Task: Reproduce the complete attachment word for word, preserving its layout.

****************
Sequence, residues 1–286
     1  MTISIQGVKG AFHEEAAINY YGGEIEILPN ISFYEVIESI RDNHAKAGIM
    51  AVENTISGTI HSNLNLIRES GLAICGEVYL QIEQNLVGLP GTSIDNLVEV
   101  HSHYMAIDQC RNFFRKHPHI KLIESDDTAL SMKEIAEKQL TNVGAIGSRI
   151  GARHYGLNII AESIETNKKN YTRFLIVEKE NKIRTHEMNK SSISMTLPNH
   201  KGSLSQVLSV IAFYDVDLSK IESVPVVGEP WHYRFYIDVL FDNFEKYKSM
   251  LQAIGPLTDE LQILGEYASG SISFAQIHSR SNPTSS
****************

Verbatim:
Sequence, residues 1–286
     1  MTISIQGVKG AFHEEAAINY YGGEIEILPN ISFYEVIESI RDNHAKAGIM
    51  AVENTISGTI HSNLNLIRES GLAICGEVYL QIEQNLVGLP GTSIDNLVEV
   101  HSHYMAIDQC RNFFRKHPHI KLIESDDTAL SMKEIAEKQL TNVGAIGSRI
   151  GARHYGLNII AESIETNKKN YTRFLIVEKE NKIRTHEMNK SSISMTLPNH
   201  KGSLSQVLSV IAFYDVDLSK IESVPVVGEP WHYRFYIDVL FDNFEKYKSM
   251  LQAIGPLTDE LQILGEYASG SISFAQIHSR SNPTSS